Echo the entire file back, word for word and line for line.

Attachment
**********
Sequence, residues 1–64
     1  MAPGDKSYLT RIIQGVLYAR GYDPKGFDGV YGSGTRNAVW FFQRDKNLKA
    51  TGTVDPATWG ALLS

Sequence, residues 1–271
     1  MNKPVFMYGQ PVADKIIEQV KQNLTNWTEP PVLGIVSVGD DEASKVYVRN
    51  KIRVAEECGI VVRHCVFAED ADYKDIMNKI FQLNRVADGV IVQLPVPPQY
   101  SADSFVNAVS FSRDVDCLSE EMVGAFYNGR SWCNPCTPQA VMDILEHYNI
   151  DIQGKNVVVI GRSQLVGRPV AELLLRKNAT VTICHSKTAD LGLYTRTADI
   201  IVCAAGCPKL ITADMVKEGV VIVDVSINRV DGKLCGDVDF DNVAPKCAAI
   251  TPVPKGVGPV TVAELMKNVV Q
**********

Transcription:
Sequence, residues 1–64
     1  MAPGDKSYLT RIIQGVLYAR GYDPKGFDGV YGSGTRNAVW FFQRDKNLKA
    51  TGTVDPATWG ALLS

Sequence, residues 1–271
     1  MNKPVFMYGQ PVADKIIEQV KQNLTNWTEP PVLGIVSVGD DEASKVYVRN
    51  KIRVAEECGI VVRHCVFAED ADYKDIMNKI FQLNRVADGV IVQLPVPPQY
   101  SADSFVNAVS FSRDVDCLSE EMVGAFYNGR SWCNPCTPQA VMDILEHYNI
   151  DIQGKNVVVI GRSQLVGRPV AELLLRKNAT VTICHSKTAD LGLYTRTADI
   201  IVCAAGCPKL ITADMVKEGV VIVDVSINRV DGKLCGDVDF DNVAPKCAAI
   251  TPVPKGVGPV TVAELMKNVV Q